When people think of how cyber “bad guys” work, they often focus on phishing. But social engineering is much more than phishing – it’s is an attack on people or organizations through the use of psychological manipulation. Basically, social engineers are con artists. They convince people to divulge information that ultimately will help them gain access to controlled data or areas.

Today’s Focus: Recognizing and Responding to Social Engineering Attempts

Social engineers often rely more on human interactions and emotions than technology. Many social engineers are not even the ones trying to hack into systems. Some are just researchers who are paid to collect information that will be useful to the really bad guys. But no matter who is doing the engineering, it’s being done to ultimately leverage information and trust to gain access.

To help recognize potential pitfalls, let’s break it down.


Most social engineering schemes begin with a pretext, which is a fabricated scenario developed to gain your trust or basic information. It might be someone from IT claiming they need your login credentials or it could be the friendly delivery man who just called out, “Please hold the door”. Whatever role the social engineer has taken on, it’s one designed to play to your humanity or emotions.

How to Avoid Being Social Engineered The Take-Away? Don’t be trusting. Sounds harsh, but blind trust is what generally lets the bad guys in. Before giving out even seemingly simple information, ask yourself if it feels right and verify the one doing the requesting. Call IT directly to check that your assistance is really needed and politely tell the guy juggling boxes that he’ll need to sign in with security but that company rules prohibit you from holding the door.

Tailgating or Piggybacking

Social engineers use both tailgating and piggybacking to gain physical entrance to somewhere they shouldn’t be. In both cases, the engineer is on your six, either waiting for you to knowingly hold the door open for them (piggybacking) or to slip in unnoticed after you’ve entered a secure area (tailgating).

The Take-Away? Unless you are 100% positive about the person you’re admitting, let the door close in her face. You can always apologize later, but you can’t un-let in a bad guy.

Dumpster Diving

As any dog can tell you, trash is filled with treasures. But instead of hoping for some leftover steak, social engineers are looking for leftover information. Although most people know to shred highly sensitive or confidential information, many are not so careful with things like internal department lists or phone/email lists. Even that employee policy manual that puts you to sleep can be gold. Think about it – you’re much more likely to reply to an email requesting information “required by company policy” if the policy is quoted and others from the department are copied on it.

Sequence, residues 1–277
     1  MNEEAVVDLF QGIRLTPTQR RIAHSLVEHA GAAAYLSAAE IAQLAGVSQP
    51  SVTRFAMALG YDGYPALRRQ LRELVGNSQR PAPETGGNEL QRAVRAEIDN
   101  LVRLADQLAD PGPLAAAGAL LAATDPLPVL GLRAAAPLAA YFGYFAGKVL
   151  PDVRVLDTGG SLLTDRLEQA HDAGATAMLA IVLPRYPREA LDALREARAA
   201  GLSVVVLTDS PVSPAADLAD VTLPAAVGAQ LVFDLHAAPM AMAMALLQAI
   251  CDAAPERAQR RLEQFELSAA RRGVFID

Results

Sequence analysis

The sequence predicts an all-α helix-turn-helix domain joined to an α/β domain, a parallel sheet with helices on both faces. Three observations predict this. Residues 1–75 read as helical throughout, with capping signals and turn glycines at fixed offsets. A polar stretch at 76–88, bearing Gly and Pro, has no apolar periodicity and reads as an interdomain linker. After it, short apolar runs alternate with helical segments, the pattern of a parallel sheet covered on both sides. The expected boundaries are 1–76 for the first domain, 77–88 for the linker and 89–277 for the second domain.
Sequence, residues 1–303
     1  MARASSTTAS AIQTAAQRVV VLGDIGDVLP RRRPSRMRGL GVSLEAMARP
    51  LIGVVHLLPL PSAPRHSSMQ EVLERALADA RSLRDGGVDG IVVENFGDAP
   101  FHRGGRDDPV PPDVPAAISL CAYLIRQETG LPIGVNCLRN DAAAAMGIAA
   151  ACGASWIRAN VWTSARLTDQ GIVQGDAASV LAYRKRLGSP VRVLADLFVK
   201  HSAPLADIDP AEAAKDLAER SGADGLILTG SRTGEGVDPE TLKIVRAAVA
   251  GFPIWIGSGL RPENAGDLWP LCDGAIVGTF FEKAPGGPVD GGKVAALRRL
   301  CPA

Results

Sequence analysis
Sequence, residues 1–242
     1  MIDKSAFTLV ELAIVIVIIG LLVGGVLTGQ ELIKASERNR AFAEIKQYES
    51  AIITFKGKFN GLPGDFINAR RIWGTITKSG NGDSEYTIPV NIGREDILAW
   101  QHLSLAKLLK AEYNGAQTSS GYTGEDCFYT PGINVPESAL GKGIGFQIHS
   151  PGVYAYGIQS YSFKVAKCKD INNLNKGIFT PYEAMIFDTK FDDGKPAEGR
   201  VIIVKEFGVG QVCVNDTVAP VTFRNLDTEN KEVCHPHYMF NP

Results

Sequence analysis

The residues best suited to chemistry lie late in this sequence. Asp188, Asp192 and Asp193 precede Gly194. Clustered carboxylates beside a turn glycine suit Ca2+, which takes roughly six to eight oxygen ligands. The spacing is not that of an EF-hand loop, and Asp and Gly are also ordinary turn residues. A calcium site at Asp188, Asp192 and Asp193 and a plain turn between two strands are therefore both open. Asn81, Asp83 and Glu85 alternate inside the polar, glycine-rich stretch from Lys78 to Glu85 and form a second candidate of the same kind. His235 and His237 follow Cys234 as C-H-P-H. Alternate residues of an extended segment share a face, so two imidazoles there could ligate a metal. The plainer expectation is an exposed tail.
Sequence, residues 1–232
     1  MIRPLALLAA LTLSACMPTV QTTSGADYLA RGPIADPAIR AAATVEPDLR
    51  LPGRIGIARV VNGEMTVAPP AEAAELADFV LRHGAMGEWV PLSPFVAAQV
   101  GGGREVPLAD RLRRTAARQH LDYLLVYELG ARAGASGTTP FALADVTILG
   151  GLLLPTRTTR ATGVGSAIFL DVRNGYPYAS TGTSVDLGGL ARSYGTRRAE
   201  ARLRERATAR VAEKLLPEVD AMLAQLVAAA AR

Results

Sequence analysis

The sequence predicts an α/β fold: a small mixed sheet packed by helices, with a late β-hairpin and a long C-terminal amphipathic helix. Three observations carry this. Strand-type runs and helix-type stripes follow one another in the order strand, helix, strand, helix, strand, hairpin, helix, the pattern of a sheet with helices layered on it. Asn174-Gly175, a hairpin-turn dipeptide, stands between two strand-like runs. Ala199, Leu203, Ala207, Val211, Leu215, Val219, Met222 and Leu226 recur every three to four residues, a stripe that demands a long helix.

The Take-Away? Properly destroy everything that isn’t public knowledge.

USB Drop

Social engineers love to play on human curiosity. When we find things, such as a USB drive, our curiosity is piqued. Studies show that many will even plug in USB drives found in unusual places, such as the bathroom floor or parking lot. And that curiosity is even higher if it’s found in a trustworthy spot or when labeled with “Confidential” or other intriguing phrases.

Consider this: Linda comes back from lunch to find a USB drive on her desk and naturally assumes it’s for her. Plus, it’s marked “Cute Cat Videos” and Fluffy just loves those. So Linda pops it into her computer, and now her computer (and the company’s network) has been infiltrated. How did it get on her desk? The bad guy piggybacked his way in. John from accounting started chatting with him in the elevator, and, when he learned the guy was “Linda’s husband, Dale”, John pointed out Linda’s desk before hurrying back to his calculator. “Dale” dropped the USB on Linda’s desk and strolled casually out of the office, happy with his dumpster dive find – the holiday party RSVP list.

The Take-Away? If it’s not yours, you’re not expecting it or you don’t know exactly what it is and where it came from, don’t plug it in. Turn it over to security or IT and let them run the correct paces with it. If it’s meant for you, it’ll come back. And again, destroy things containing company/personal information.

Use of Urgency or Rewards

Other red flags are when things seem either urgent or too good to be true. Someone offering an obscene amount of money for your help? There’s no money. That lady rushing up to enter the building with you because she’s “so late for a meeting” but left her ID card in the car? Chances are there’s no ID card, no meeting, she’s just playing on your sense of compassion.

An Ounce of Prevention …

Although we as humans generally want to be nice, in today’s world you need to be nice with caution.

  • Be careful of oversharing. The more someone knows, the more that information can be leveraged to build trust.
  • Be deliberate with what you put out on social media or other public sites. Social engineers love using information, such as kids’ names, your alma mater or hobbies to build bonds and gain your trust.
  • Engage in small talk, sure, but be wary of anyone who seems to have a lot of questions or a lot of things that seem like a coincidence. Maybe it’s a “small world”, but chances are the random guy in the elevator doesn’t really know your manager’s cousin from Workout World, he’s just done (or is doing) his research.

And remember:

Always follow company policies and procedures, especially as they relate to requests for sensitive information, disposing of data and entrance to secured areas. Report security incidents, even if you’re not sure they really are incidents. Better to have it checked out than be the one responsible for a breach.